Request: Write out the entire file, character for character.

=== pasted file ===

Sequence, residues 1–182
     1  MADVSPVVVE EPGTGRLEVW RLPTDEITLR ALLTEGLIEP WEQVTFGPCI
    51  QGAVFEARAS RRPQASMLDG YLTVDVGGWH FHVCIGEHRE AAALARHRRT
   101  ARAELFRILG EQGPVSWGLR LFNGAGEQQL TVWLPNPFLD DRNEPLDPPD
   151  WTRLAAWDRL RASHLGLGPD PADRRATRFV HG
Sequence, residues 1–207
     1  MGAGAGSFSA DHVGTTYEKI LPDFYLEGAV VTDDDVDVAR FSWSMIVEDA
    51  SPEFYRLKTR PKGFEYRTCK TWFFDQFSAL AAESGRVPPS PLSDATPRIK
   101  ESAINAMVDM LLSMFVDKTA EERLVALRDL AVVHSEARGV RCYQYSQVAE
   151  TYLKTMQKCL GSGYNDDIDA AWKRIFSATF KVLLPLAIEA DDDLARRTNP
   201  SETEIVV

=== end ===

Sequence, residues 1–182
     1  MADVSPVVVE EPGTGRLEVW RLPTDEITLR ALLTEGLIEP WEQVTFGPCI
    51  QGAVFEARAS RRPQASMLDG YLTVDVGGWH FHVCIGEHRE AAALARHRRT
   101  ARAELFRILG EQGPVSWGLR LFNGAGEQQL TVWLPNPFLD DRNEPLDPPD
   151  WTRLAAWDRL RASHLGLGPD PADRRATRFV HG
Sequence, residues 1–207
     1  MGAGAGSFSA DHVGTTYEKI LPDFYLEGAV VTDDDVDVAR FSWSMIVEDA
    51  SPEFYRLKTR PKGFEYRTCK TWFFDQFSAL AAESGRVPPS PLSDATPRIK
   101  ESAINAMVDM LLSMFVDKTA EERLVALRDL AVVHSEARGV RCYQYSQVAE
   151  TYLKTMQKCL GSGYNDDIDA AWKRIFSATF KVLLPLAIEA DDDLARRTNP
   201  SETEIVV